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Kansas Citians are 'tired of it' as winter storm prompts another round of cancellations

A woman wearing a hooded, heavy coat holds two small dogs on leashes. It's snowing and she is walking on a snow-covered sidewalk with the dogs with a parked car that can be seen behind her
Carlos Moreno
KCUR 89.3
Kylie Conrow walks her dogs early Thursday morning in Westport near her apartment. She said of the snow: "I'm tired of it. I'm ready for summer."

The region is under a winter storm warning effective until 6 a.m. Friday. Snow has been falling steadily since early Thursday morning.

A steady snowfall has covered the metro and surrounding areas, canceling trash pickup in Kansas City and keeping snow-clearing crews busy.

Kylie Conrow, who lives near Westport, bundled up to face the blustery weather and walk her dogs early Thursday morning.

“I’m tired of it, I’m ready for summer,” she said. Conrow works as an occupational therapist at an assisted living center and she said she planned to head to work to see a few patients, but would go home if the weather got worse.

Snowfall slowed traffic and caused a handful of accidents Thursday morning, but according to MoDOT’s interactive map, roads in the metro were mostly cleared by the afternoon. Roads in the St. Joseph and Platte County areas, however, were covered in snow.

According to the National Weather Service, Kansas City will likely accumulate about 2-4 inches of precipitation by 5 p.m. Meteorologists are estimating a 40% chance of snow overnight and the region is under a winter storm warning effective until 6 a.m. Friday.

A man in blue jeans and heavy coat uses a snow shovel to push snow off a sidewalk. He is surrounded by several trees and light snow can be seen falling around him.
Carlos Moreno
KCUR 89.3
Justin Morris, a maintenance employee with Kansas City Life Insurance Company, shovels snow early Thursday morning outside the company's offices. He said he expected to be out clearing and salting walkways for most of the day.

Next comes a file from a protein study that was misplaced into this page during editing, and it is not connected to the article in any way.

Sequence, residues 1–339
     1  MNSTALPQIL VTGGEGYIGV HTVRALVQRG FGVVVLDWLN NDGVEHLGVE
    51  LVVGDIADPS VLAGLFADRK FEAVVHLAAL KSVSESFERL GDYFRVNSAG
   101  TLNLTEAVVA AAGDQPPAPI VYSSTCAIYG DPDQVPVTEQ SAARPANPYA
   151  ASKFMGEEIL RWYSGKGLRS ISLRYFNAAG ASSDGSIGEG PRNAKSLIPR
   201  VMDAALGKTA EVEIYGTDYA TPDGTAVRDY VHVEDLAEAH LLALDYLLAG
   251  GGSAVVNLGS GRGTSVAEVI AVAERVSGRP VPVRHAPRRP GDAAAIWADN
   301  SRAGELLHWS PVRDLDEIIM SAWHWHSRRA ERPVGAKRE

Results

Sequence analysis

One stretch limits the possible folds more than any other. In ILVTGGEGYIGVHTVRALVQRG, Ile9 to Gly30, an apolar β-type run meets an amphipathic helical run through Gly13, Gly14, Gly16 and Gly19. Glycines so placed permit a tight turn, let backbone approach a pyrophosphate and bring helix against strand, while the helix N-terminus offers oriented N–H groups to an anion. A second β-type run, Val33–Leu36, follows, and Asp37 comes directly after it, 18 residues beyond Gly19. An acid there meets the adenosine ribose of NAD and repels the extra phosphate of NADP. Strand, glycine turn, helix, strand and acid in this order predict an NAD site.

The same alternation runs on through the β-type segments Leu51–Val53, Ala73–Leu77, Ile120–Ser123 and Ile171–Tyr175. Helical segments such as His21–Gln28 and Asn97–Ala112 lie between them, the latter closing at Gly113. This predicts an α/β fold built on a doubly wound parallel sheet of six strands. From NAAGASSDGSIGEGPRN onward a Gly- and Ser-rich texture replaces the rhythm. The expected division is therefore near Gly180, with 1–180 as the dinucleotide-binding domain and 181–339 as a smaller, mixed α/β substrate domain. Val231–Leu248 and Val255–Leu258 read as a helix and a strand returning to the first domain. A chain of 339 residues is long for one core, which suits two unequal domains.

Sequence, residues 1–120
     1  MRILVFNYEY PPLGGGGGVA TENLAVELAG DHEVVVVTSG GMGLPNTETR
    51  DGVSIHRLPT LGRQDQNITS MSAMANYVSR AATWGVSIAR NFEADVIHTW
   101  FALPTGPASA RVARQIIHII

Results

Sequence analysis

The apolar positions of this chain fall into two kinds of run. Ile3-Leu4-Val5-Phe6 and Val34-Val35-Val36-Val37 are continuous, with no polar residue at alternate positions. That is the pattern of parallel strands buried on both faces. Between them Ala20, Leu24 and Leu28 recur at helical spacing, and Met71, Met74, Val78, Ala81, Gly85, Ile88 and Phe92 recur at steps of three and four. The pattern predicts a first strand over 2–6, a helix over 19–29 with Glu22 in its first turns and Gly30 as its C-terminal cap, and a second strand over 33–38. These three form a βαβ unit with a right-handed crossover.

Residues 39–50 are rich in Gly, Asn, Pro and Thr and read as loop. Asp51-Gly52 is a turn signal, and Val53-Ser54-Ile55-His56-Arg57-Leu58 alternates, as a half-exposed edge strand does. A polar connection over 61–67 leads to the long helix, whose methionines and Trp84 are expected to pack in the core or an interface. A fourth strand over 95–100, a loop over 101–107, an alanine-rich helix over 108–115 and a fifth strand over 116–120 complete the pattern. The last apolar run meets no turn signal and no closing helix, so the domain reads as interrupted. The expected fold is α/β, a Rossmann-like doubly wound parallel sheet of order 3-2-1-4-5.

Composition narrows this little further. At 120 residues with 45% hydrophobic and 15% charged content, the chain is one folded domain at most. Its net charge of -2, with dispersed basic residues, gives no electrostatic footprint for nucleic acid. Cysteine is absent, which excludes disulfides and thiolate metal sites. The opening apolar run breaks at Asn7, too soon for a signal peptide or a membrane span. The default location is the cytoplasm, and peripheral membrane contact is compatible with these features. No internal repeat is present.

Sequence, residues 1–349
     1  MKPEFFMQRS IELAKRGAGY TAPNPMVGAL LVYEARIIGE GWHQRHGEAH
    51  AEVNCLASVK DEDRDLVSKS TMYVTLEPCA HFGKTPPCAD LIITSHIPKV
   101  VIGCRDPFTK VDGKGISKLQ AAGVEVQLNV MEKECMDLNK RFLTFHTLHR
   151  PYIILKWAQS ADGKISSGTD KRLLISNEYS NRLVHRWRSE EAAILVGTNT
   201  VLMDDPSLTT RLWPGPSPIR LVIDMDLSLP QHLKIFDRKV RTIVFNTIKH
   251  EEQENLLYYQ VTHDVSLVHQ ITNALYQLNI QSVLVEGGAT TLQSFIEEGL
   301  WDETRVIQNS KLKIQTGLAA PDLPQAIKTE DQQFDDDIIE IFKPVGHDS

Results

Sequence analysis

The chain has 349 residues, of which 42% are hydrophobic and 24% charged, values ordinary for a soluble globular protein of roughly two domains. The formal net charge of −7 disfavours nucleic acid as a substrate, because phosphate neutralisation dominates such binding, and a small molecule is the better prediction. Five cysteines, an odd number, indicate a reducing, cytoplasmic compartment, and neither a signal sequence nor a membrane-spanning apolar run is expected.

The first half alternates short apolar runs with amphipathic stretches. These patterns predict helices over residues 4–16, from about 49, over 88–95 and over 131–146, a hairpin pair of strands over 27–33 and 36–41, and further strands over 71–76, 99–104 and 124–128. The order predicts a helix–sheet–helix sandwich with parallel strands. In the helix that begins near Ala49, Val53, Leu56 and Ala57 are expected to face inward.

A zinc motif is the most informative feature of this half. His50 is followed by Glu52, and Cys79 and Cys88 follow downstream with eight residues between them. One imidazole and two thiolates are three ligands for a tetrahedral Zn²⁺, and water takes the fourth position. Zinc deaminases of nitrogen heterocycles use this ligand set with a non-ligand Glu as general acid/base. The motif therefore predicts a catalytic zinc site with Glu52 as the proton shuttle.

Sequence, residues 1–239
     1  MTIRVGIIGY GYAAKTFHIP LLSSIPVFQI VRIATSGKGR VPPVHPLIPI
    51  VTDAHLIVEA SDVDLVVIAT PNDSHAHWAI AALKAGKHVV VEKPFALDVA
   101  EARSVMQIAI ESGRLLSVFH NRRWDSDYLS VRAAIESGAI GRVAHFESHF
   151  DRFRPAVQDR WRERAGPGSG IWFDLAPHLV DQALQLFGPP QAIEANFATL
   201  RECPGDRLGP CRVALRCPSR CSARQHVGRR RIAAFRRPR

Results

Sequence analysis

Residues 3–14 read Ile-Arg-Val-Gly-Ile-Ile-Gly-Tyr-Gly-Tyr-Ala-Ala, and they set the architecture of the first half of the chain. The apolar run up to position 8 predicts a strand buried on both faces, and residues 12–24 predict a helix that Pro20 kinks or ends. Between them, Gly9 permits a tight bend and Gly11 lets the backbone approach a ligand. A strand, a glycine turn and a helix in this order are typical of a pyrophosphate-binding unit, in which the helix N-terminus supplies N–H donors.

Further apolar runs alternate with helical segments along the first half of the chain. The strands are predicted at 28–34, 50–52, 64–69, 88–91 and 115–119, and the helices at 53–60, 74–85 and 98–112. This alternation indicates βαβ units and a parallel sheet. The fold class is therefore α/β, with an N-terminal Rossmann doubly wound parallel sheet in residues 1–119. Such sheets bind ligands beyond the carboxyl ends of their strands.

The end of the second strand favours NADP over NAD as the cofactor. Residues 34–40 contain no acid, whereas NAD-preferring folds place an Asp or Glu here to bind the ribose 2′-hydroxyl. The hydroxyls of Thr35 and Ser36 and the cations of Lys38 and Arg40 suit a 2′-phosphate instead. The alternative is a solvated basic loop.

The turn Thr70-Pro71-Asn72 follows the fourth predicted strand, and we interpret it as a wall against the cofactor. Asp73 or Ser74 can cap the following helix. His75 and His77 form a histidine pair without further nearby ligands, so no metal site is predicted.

The Kansas City region has seen several snowstorms this winter, but several people told KCUR this event doesn’t feel as severe as previous storms.

Maintenance worker Justin Morris also braved the cold Thursday morning. He works for the Kansas City Life Insurance Company, where he was shoveling the steps and walkways. Morris said he was thankful it was just snow this time.

“At least we don’t have a layer of ice underneath, the ice is kind of what makes our job hell,” said Morris. “The way we use our shovels we can kind of plow it and it’s way easier with just snow.”

Morris said he expects to be out shoveling all day.

Scott Stewart, a landlord who owns property on Troost, was shoveling snow for his tenants Thursday. He said so far the snow didn’t seem too bad, especially when compared to the more than nine inches dumped on the metro last month.

“It comes and goes. I love it when it’s here but it’s nice when it leaves,” said Stewart. He said the drastic change in temperatures recently is frustrating.

“It would be nice if it would stop, but that’s part of the Midwest. You never know what you’re gonna get.”

Bek Shackelford-Nwanganga reports on health disparities in access and health outcomes in both rural and urban areas.
As KCUR’s general assignment reporter and visual journalist, I bring our audience inside the daily stories that matter most to the people of the Kansas City metro, showing how and why events affect residents. Through my photography, I seek to ensure our diverse community sees itself represented in our coverage. Email me at carlos@kcur.org.
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